It sounds like you've faced a lot of challenges obtaining SAP skills. I want to applaud you for working so hard to develop your skills without any mentor to guide you. In terms of your experience, I would definitely call you a junior consultant. You do have three years of SAP experience, but it is spread out amongst several different areas. In the long term, you need to try to become a bit more focused and develop a core expertise in a marketable area of SAP. But of course, the most important thing is just getting all the project experience you can. So, even if you have trouble getting the training you need, understand that as long as you are getting some hands-on SAP project skills under your belt, you're not in bad shape. The thing to be real concerned about is bench time. As long as you are on the project, you are "in the fight." It sounds like your options outside of your current employer are limited, and I'm not sure if you have enough SAP skills to move to another country and work in SAP. And you might not want to move or travel internationally anyway.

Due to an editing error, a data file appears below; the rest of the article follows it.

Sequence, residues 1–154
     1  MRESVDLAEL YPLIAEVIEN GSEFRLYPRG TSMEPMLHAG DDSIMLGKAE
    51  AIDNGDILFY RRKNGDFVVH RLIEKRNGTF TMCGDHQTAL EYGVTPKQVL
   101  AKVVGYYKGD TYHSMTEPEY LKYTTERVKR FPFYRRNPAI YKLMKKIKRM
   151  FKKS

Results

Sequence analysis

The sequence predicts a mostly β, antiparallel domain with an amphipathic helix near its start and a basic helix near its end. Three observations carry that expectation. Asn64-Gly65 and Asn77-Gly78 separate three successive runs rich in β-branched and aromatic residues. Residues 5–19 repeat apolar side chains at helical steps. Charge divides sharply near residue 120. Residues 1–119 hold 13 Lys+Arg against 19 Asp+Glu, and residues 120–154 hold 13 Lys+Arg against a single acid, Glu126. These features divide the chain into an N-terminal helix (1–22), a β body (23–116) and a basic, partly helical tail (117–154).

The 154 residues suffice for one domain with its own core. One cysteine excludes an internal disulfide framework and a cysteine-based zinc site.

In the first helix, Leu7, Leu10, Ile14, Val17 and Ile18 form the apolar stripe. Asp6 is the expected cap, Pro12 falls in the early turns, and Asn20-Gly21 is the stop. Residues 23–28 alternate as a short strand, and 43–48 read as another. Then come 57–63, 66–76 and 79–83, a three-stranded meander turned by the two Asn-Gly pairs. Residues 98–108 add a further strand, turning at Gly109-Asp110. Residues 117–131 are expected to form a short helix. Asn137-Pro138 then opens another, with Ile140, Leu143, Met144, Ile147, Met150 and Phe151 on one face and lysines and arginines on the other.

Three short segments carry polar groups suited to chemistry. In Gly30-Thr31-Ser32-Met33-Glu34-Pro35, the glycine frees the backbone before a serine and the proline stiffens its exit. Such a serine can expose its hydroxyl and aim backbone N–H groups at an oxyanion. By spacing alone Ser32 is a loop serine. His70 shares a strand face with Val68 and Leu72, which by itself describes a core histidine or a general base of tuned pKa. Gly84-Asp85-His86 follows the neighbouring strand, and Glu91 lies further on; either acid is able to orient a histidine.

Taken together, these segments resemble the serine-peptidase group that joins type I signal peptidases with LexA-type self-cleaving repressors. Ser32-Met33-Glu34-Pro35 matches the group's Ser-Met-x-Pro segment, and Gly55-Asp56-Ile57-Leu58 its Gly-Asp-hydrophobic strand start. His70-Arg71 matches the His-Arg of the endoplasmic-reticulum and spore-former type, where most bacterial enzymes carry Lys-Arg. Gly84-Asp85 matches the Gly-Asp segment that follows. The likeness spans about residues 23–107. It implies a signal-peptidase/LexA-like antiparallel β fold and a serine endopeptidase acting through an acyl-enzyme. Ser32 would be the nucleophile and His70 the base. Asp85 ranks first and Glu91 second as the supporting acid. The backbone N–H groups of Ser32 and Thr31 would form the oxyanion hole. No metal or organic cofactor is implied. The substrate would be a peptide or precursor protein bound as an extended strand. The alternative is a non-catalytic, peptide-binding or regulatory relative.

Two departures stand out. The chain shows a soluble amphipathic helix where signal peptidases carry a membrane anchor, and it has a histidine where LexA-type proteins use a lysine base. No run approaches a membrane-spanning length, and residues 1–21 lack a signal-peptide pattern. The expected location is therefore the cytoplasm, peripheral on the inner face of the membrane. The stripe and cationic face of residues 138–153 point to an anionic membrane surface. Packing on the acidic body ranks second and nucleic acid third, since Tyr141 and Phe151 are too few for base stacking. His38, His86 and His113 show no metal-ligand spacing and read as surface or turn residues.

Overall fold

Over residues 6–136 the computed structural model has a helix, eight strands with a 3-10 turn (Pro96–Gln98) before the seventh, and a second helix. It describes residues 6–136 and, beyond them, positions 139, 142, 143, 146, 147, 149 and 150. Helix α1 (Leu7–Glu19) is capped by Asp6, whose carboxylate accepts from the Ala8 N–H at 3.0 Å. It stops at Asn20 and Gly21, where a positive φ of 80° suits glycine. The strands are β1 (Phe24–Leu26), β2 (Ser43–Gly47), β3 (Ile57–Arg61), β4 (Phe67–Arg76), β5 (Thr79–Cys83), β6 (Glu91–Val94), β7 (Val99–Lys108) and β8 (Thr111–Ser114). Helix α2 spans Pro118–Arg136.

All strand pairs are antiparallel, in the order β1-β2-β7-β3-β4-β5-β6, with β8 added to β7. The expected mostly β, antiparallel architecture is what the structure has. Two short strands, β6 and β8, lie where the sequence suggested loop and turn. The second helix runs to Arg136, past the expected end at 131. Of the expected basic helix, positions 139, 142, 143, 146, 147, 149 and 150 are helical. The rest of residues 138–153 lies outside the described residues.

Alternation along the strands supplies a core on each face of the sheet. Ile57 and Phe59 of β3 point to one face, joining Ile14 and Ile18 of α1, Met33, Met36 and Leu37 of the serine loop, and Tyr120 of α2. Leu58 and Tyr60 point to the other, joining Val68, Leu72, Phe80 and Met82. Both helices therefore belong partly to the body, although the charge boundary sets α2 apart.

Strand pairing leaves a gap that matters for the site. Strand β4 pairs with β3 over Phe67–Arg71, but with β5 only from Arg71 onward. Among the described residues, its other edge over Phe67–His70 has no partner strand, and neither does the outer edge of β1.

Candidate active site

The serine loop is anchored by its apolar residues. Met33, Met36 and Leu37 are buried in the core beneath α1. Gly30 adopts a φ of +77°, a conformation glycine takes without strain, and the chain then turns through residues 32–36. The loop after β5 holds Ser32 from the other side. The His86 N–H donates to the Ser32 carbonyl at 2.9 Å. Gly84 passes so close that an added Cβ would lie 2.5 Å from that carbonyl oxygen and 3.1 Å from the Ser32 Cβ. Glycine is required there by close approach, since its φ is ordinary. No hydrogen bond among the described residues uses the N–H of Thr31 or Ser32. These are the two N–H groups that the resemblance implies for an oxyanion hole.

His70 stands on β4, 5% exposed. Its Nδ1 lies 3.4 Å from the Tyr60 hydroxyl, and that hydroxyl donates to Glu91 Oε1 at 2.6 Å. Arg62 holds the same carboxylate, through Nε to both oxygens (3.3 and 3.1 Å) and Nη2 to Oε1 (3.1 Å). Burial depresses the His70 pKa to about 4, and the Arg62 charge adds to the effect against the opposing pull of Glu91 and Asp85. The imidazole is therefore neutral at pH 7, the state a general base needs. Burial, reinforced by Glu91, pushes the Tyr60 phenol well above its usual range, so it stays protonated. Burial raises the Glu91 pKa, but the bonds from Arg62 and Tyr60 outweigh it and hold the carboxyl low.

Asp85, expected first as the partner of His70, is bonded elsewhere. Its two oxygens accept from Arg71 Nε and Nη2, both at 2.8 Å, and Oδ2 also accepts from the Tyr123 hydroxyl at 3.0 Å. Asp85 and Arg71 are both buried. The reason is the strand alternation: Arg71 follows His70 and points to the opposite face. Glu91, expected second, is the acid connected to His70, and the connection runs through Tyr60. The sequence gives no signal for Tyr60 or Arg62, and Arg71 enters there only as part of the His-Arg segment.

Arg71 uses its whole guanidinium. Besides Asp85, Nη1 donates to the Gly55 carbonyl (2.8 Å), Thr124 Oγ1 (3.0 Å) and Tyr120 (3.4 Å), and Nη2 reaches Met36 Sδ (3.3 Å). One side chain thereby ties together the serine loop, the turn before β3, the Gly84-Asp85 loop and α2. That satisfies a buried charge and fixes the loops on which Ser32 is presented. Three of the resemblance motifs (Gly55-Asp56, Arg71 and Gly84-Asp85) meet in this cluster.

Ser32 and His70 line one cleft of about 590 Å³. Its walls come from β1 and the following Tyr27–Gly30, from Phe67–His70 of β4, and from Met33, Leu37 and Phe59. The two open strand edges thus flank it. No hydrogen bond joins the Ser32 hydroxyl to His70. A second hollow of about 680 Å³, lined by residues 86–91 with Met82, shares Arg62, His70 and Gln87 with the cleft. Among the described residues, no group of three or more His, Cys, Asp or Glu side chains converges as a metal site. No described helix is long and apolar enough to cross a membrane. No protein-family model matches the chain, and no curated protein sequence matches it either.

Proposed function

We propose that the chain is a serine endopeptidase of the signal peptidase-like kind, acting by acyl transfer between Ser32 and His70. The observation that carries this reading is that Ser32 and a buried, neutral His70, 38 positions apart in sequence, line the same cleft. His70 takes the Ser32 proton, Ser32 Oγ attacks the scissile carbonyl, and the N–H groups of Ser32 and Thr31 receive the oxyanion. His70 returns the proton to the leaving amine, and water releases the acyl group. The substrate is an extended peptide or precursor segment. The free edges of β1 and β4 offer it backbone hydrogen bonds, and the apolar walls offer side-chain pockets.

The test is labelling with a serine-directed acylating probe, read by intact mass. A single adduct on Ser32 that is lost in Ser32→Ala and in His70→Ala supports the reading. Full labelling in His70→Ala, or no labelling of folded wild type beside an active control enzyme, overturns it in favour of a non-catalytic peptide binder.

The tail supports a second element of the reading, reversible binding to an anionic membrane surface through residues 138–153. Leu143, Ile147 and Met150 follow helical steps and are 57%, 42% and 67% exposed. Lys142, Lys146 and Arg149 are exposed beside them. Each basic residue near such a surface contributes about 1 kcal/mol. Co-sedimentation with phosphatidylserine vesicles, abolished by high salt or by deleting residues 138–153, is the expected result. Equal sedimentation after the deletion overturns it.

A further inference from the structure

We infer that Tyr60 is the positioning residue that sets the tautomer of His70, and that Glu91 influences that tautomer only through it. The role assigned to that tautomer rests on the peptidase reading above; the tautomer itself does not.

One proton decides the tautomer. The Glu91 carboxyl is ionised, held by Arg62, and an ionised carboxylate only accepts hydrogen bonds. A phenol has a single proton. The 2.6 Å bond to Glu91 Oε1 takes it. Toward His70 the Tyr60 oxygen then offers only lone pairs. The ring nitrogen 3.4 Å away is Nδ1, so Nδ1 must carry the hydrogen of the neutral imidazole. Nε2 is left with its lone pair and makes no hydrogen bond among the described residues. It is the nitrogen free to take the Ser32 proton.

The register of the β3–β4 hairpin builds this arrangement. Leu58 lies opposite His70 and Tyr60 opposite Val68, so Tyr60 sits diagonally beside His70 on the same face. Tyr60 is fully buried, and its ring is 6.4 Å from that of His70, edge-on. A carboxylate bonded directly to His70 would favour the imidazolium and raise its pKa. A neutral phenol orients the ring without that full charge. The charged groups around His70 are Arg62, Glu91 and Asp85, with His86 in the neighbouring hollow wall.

The bottom line is that when you only have one real employment option, you're not in a strong bargaining position to demand training and career resources. I'm going to recommend a different tactic in your case. I would recommend that you treat this current project like the "gold" that it is, given your lack of available options. Do everything you can to excel and stand out on this project. Go the extra mile always, work late, teach end-users, help out the technical team with any functional specifications they need. Do all that you can to be the very best consultant on the project, so that you can stay on that project as long as possible. To stay on top of your game, you will probably have to turn the Internet into your "virtual trainer" and "virtual mentor." Watch the webcasts on the SearchSAP.com web site. Read the expert columns. Ask relevant questions from experts and post your own comments and thoughts to user groups. Do your best to develop a "virtual team" of people you help via email who also help you. Basically, make the best of a tough situation and keep accumulating skills. And always remember that hands-on skills are much better than training. I know lots of folks who have SAP certifications who would love to be in your situation on a project site instead. And if you ever tire of your current situation, all you have to do is circulate your resume and apply for other SAP positions. If you get other offers, you can consider leaving. The market will always give you a gut check. If you don't get any other offers, then keep applying the strategy I recommend and see where it leads you. It may sound simple, but you should never underestimate the impact of outworking, outlearning, and outperforming your colleagues. Best of luck to you!
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